Nazi Experiments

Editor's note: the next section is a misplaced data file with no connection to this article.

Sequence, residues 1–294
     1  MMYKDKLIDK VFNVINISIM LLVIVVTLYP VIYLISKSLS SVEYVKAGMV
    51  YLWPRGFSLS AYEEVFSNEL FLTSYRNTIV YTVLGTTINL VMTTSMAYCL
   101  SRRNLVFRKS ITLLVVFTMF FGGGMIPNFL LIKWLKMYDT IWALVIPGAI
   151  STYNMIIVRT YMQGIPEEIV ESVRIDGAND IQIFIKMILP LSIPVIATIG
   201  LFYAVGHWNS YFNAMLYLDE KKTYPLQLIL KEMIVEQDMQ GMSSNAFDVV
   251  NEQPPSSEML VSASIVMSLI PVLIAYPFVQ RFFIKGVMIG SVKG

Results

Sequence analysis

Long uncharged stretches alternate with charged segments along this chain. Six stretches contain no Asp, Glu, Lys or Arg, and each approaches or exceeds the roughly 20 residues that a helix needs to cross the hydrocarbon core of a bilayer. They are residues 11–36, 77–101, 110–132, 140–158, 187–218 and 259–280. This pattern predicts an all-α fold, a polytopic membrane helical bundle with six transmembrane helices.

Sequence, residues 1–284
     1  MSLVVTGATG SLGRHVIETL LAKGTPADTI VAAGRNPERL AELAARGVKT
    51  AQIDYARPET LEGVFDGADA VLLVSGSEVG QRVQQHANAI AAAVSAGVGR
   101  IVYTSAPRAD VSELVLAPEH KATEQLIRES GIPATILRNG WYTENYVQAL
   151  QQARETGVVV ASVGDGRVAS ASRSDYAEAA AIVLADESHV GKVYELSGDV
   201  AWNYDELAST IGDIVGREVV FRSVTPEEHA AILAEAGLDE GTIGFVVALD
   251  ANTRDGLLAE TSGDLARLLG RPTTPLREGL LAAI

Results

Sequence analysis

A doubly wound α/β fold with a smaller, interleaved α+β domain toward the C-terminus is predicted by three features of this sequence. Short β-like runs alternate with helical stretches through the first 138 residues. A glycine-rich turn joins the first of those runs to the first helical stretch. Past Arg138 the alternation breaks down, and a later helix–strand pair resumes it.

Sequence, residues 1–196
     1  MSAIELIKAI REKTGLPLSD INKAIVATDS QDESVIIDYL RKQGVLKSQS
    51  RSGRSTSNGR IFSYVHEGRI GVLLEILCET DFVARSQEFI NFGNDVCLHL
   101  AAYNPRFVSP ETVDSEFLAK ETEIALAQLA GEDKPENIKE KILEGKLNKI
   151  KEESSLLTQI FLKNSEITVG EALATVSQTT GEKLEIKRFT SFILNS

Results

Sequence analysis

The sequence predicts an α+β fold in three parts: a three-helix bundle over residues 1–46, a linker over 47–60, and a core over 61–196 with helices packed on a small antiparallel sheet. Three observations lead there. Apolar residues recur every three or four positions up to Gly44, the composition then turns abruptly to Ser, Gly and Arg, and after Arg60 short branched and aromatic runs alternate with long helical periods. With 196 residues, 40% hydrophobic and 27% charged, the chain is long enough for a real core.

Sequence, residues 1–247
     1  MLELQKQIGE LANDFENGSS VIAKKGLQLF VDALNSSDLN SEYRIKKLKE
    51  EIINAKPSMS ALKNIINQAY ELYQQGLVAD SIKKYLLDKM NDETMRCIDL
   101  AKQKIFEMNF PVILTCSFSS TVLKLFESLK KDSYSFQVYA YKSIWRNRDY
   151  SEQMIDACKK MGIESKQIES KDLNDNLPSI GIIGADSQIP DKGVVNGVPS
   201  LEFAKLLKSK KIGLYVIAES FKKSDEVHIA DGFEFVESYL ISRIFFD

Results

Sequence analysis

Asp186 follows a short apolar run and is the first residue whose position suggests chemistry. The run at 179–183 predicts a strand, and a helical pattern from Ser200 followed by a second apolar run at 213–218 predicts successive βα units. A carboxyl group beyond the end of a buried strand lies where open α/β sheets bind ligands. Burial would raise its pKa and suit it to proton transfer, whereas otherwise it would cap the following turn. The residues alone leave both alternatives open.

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The Validity of Nazi Hypothermia Experimentations: The Question of Ethics Versus Scientific Knowledge. This essay deals with medical experiments conducted by the Nazis during the Second World War. Many types of experimentation occurred in the Third Reich, they include euthanasia, hypothermia, high pressure, and genetics. However, most of the experiments carried out in Nazi Germany are viewed as little else than another method of torture imposed upon involuntary subjects. The question can be posed: Do any of the Nazi's medical experiments contain valid scientific information, and if so, should this information be used? Due to the broad field of Nazi experimentation, I will explore this question dealing with, mainly, one type of Nazi experimentation - hypothermia. Overall, these medical experiments contained no medically valid or scientifically valid information. Speculation has appeared as to the validity and ethical aspect of the experiments that were performed. Should any of the information that was obtained from the from these experiments be used considering the circumstances in which the information was gathered? Several debates arise concerning the ethical use, as well as the scientific use of these experiments. This will be addressed later in the essay. According to Baruch Cohen, three main types of experiments existed in the Third Reich, which includes Medico-Military Research, Miscellaneous - Ad Hoc Experiments, and Racially Motivated Experiments. (no pp). Hypothermia experiments fall into the category of Medico- Military research due to the use of the information that was recorded from these experiments dealing with medical or military advances. Miscellanies - Ad Hoc experiments dealt with research that had no scientific purpose, poison experiments are an example of these experiments. Racially Motivated experiments which dealt with experiments dealt with genetic and racial interests, sterilization experiments fell into this category. The use of hypothermia experiments originated from the need for new technology. During the Second World War, air warfare had not been widely used, this led to a need for science to quickly attempt to make improvements upon the standards of air warfare. Hypothermia experiments were conducted in large vats of freezing liquid. This simulated the conditions of the North Sea, where main pilots died after descending into the cold waters. Another method to conduct hypothermia experiments involved strapping subject to a stretcher and to leave them outside - often naked - in sub-zero conditions. In the course of this essay, we will refer to the latter method of the hypothermia experiments. These experiments were similar to other types of experiments performed in Nazi Germany because of the inhumane methods employed to gain the results of the experiments. Even though the hypothermia experiments began out of a need to advance an aspect of air warfare, an element of torture always accompanied the research techniques. This was caused by Nazi physicians having the attitude that the subjects of these experiments were destined to die in the concentration camps. Therefore, by performing experiments on them, the doctors believed that they may actually be aiding these people by bringing death faster. As an example of the torturous experiments being used by some Nazis concerns two Russian men, that were believed to have made a comment to the SS officer conducting the experiment. These two men withstood the temperature in the freezing solution longer than previously recorded, when this was noted, the SS officer raised the temperature slightly in order to prolong their pain; this led to their death.(Rosenberg. no pp). Hypothermia experiments carried out in the Third Reich differ slightly from other experiments that were performed. The important difference is the presence of a scientific purpose present in the experiment. Research experiments, such as hypothermia and pressure, began out of a need for innovation, while racially motivated experiments, such as sterilization and euthanasia, originated from anti-Semitic movements. Medical research was performed in the hope that a discovery would establish the Third Reich as a world leader. The methods of experiments that were conducted in Germany during this time cannot be justified; the subjects were treated in a sub-human fashion, and if the Nazi's medical experiments are viewed in today's standards, these experiments would not be excusable if performed on animals. The inhumane experiments were conducted because the government wanted to advance the Third Reich, there was very little accurate scientific emphasis placed upon problems. Nevertheless, hypothermia experiments may contradict the general condemnation of the medical experiments in Nazi Germany by offering a relatively valid scientific source. Thus, is the data gathered from hypothermia experiments valid both scientifically and ethically? Some scientists have argued that even though the practices of using such methods would violate any laws involving medical norms and expectations of the Hippocratic oath, much of the results from the hypothermia, and consequent rewarming experiments, are relevant. If the concentration camp experiments on hypothermia did not take place, this information would not have been gathered and employed elsewhere. Baruch Cohen explains that the use of Nazi hypothermia experiments by current researches, such as Robert Pozos - the Director of the Hypothermia Laboratory at the University of Minnesota - would aid to fill the gaps of current research. Pozos would not allow a subject's core body temperature to fall below thirty-six degrees. The only experiments that have allowed a human's core body temperature to fall below thirty-six degrees were those conducted at Dachau. By using the Nazi's results from hypothermia experiment, Pozos can compile a more accurate conclusion on the effects of hypothermia on the body. Some critics have originally condemned the usage of the data collected, but on further investigation have concluded the relevance to the medical community. This is illustrated by Pozos in reference to Andrew Ivy. Ivy was the American scientist that evaluated the observations of Nazi medical experiments for the Nuremberg trials. On first inspection, Ivy found the experiments to have no scientific value, and were nothing more than atrocities of the war. However, after re-evaluation, Ivy noted that some of the information from the hypothermia experiments held relevance, he is one of the first scientists to consider the data accurate. For more than two thousand years physicians have sworn to practice by the guidelines set in the Hippocratic Oath. Even though the validity concerning most of Nazi experimentations has been recorded as containing no medical or scientific purpose - excluding the study of psychology - the debate over the results of the hypothermia experiments is still in question. The debate over the scientific value of the hypothermia experiments is the most important aspect of the validity of Nazi experiments. If the observations are not accurate, they will not be used, thus ending the ethical problems which arise when this data is used. "The scientific method is a procedure of research in which a problem is identifies, relevant data are gathered, a hypothesis is formulated, and the hypothesis is empirically tested."(Webster's 703). This method is the universal basis for scientific research, this is relevant to note when exploring Nazi hypothermia experiments. The scientific value of the Nazi's experimentation is doubtful, this is due to the need to constantly test scientific hypotheses. Scientific method dictates that a theory cannot be proved totally correct. It is this part of science that denotes that experiments should constantly occur to support the validity of an experiment. Here we encounter the first obstacle of the possible acceptance of Nazi medical experiments as being valid. Under medical ethics, human rights laws, and even animal rights laws, the conditions that these experiments were conducted in cannot be reproduced. Therefore, the hypothermia experiments cannot be reproduced. "Since the experiments cannot be repeated, Robert Pozos states, the data can never be considered accurate."(102). Pozos continued that "even if the experiments had not been duplicated, that does not disprove their accuracy." (102). This contradictory explanation concerning the validity of hypothermia experiments illustrates that Pozos's poor attempt to justify these experiments in terms of individual findings, from the whole of Nazi experimentation. Another justification that should be considered in deciding if the hypothermia experiments are useful to modern science is the possibility that results from experiments conducted in the Third Reich have been fabricated. Propaganda in Nazi Germany was extremely common, therefore caution should be taken when analyzing the results of the experiments. According to Robert Berger, "the experimental approach was disorganized and haphazard. The work did not follow an orderly protocol essential for an acceptable scientific inquiry."(111) Furthermore, "there is evidence of falsification and suggestion of fabrication, while many conclusions are not supported by the data presented." (Berger 111). Cohen suggests that fabrications of the Nazi's hypothermia experiments were due to political pressures placed on the experimenters to produce hypothermia results. If this was not accomplished, the experimenters were severely punished. Hypothermia research had its beginnings in the Third Reich. Techniques for the reversal of hypothermia were also pioneered in the death camps. Yet, the intention of these experiments was not only acquiring knowledge on this condition, but for the advancement of the Nazi Regime and, at times, a form of torture. The validity of the scientific aspect of hypothermia experiments is an extremely debatable topic. If the results of the entire hypothermia experiments are being examined, then the amount of significant data in very minimal. However, as Katz and Pozos point out, information taken from individual results on the experiments has supported knowledge of hypothermia that existed before the Second World War.(136). Also, some of the results from these experiments sparked not only controversy as to their significance, but initiated further investigations into the observations, especially concerning the rewarming of the body. As with the pervious mention of Ivy, Nazi hypothermia experiments were not viewed objectively due to the other atrocities that were a part of the Third Reich. This may possibly be the only positive repercussion arising from the Third Reich during the Holocaust. A conclusion concerning the scientific validity of information taken from is difficult to determine. The main point of this scientific debate is whether the information is considered as a part of all experiments conducted in Nazi Germany, or as a separate entity. As a whole, the Nazi doctor's experiments held no scientific importance, and could not be applied to any other scientific endeavor. Yet, some individual aspects have sparked some advances in medical procedures. For example, in these experiments it was observed that if the rewarming method used that was raised the body's core temperature slower, then the chance of death was greatly diminished. These individual aspects of the hypothermia experiments contain scientific value, albeit somewhat small. As stated, some of the results from the hypothermia experiments give accurate insight into the scientific aspect of the possible use of the experiments. However, a conclusion whether or not the research is valid and should be used cannot be fully reach without examining the ethical view of the experiments. The Nuremberg Trails, which occurred in 1945, explore the accountability of many of the Nazi physicians who conducted medical inquiries. Of the twenty- two men and one woman, fifteen were convicted of atrocities against humankind. This point cannot be ignored in the examination of the justifications in using some of the results from experiments that these people conducted. Science is amoral. This may be the only determinant to the ethical use of Nazi based experimental data. Ethically, the manner of conducting the experiments dictates that the results should not be used. Scientifically, the hypothermia experiments contained some value - this is the only exception in terms of other Nazi experiments . It is this exception that can, and should be, applied to any appropriate research or theory; caution concerning the significance of the amount of importance placed upon these experiments should also be taken into account. With this stipulation, hypothermia experiment conducted in the Third Reich hold some reliability. Yet this is merely the scient